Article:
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The book Taming Change with Portfolio management: Unify your Organization, Sharpen Strategy and Create Measurable Valu is very informative. I received the paperback advance reader’s edition. I’ve been stumbling around it for a while. The hardback formal print run has now been completed and the book is (just).
Terry Doerscher and Pat Durbin have created a comprehensive guide to portfolio management. This guide covers the basics of managing a portfolio with common resources and funding. But it goes beyond that. They write that they are looking at these subjects from a wider perspective, applying portfolio management to organizational changes to manage these change events, deliver exceptional growth and create measurable value.
Durbin and Doerscher basically say that you can manage your entire business using a portfolio management approach. Why is a broad model of portfolio management necessary? We have seen organizations that are more flexible as a result of changing business models.
According to the authors, portfolio management can be used as an overarching business principle.
Use the right decision-making tools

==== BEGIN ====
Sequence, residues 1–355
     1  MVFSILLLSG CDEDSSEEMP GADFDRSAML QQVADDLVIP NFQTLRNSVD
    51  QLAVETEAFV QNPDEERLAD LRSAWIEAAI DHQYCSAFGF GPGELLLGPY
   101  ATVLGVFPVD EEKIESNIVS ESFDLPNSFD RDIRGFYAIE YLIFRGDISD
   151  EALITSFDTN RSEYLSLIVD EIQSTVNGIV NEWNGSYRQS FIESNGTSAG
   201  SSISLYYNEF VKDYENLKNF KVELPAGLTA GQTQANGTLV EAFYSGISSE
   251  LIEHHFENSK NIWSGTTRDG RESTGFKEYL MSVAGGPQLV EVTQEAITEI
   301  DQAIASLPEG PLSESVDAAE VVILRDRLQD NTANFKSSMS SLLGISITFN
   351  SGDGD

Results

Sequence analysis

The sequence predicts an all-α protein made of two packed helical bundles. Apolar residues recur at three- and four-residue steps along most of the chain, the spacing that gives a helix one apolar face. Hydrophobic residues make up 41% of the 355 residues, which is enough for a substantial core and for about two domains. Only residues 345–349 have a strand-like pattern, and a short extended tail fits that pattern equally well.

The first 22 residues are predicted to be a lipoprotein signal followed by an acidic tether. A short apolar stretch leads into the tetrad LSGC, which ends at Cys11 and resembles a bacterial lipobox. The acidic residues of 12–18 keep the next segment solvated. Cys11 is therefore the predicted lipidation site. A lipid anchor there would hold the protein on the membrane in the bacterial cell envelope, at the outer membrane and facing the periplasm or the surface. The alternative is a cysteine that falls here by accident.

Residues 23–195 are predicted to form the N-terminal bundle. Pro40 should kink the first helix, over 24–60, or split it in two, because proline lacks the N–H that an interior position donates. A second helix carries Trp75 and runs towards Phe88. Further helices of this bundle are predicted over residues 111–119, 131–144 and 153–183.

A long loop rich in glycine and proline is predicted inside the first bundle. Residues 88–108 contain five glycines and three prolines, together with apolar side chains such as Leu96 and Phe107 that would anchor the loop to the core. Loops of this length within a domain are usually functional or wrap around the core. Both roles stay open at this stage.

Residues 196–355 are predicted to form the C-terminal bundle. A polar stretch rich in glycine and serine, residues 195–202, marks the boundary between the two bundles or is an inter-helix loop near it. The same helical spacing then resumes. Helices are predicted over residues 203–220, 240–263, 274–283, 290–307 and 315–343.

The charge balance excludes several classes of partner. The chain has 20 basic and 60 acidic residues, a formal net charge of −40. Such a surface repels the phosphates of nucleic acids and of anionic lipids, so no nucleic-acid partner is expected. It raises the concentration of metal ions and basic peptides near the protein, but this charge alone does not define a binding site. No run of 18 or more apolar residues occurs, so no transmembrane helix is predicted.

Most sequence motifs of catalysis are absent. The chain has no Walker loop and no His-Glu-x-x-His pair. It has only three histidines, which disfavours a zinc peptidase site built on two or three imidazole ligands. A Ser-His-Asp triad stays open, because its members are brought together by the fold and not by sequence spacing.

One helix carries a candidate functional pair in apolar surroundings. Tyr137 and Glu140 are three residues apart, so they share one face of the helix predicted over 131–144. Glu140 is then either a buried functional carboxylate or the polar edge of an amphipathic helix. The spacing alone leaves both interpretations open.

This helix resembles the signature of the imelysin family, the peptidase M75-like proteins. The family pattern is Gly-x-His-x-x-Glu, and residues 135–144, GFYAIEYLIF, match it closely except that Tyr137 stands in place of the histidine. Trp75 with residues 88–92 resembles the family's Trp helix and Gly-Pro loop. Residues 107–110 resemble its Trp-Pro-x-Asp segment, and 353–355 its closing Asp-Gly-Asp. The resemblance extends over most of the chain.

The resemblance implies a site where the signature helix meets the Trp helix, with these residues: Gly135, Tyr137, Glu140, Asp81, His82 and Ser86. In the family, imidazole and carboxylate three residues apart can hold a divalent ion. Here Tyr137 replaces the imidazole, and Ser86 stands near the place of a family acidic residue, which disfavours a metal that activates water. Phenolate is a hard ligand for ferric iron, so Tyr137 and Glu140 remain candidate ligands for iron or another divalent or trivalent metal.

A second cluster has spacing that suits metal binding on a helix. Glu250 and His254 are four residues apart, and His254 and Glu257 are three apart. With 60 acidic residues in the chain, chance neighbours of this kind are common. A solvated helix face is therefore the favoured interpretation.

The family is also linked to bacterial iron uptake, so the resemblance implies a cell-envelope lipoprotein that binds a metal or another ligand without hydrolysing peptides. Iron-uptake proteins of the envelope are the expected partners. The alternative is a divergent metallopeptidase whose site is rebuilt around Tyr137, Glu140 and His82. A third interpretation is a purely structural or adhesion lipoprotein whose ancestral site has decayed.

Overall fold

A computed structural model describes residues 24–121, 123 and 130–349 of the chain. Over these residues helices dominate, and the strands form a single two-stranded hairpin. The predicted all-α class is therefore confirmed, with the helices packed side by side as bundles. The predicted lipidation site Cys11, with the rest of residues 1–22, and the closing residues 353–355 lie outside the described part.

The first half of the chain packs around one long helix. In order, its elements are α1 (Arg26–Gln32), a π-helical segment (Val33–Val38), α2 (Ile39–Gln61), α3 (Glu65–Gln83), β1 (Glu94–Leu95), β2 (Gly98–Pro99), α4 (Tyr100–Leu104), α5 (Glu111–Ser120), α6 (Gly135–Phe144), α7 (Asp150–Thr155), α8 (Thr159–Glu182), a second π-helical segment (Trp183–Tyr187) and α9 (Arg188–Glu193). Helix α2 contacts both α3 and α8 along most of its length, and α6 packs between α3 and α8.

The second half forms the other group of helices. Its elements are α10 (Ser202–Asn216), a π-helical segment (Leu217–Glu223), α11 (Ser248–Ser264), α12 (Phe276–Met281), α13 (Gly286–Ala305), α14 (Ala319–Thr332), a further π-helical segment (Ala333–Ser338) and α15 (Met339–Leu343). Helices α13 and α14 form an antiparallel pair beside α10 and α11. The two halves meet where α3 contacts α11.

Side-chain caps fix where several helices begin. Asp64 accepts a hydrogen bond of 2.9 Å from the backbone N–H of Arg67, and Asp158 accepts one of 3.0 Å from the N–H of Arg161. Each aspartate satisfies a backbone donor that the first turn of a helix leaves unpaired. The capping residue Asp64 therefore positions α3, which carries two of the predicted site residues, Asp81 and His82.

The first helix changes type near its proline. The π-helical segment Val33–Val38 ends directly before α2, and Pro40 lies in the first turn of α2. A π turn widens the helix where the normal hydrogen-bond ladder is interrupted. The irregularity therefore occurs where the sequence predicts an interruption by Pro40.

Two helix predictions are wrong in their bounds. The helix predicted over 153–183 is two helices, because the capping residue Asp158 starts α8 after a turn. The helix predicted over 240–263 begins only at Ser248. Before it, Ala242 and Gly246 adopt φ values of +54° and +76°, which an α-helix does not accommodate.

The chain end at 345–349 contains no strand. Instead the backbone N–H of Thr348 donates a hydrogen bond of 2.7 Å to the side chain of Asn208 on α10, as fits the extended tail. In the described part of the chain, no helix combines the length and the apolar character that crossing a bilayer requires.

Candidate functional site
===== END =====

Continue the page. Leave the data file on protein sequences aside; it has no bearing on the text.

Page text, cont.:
Identify and show how individuals and their actions fit into the larger picture
Assess and measure effectiveness
Performance improvements are possible in the future.
This book is more in-depth than any other I have ever read, even Simon Moore’s excellent book. Moore discusses how to create strategic project portfolios. Durbin and Doerscher focus on the impact portfolios have on organizations.
This approach is interesting for project managers, but PM’s will find it less relevant to their daily work than Moore’s book.
Small-sized managers of all levels will find it difficult to follow the principles, which are often applicable to large companies. If you are a project management company, you can’t have a corporate portfolio.
However, the majority of the thinking will remain the same, even though it may not translate into portfolio managers. You will still need a way of assessing individual investment opportunities, managing an investment portfolio, assesing and managing the work coming in, and a delivery function to execute the work.
Taming Change is not meant to be a radical overhaul of the portfolio model. It’s evolved thinking, which takes the concepts to the next level to extract even more value.
Although there is a lot of information here conceptually, some detail is still worth mentioning. Excellent information is provided in the section on operational planning. The emphasis is on proactivity. “Leadership also has another level to manage its capacity: timing. The authors suggest that operational planning might need to consider slowing down or spreading out the execution of the entire portfolio of initiatives.
Chapter 15 explains that portfolio management processes are not sufficient to deliver products, services, or assets.
Taming Change is a mix of conceptual and practical approaches to portfolio management. It was not an easy read for me, but it was challenging. It wasn’t something you expected to find it easy to get your company to deliver repeatable results.
Here is my summary of the top ten books on change management.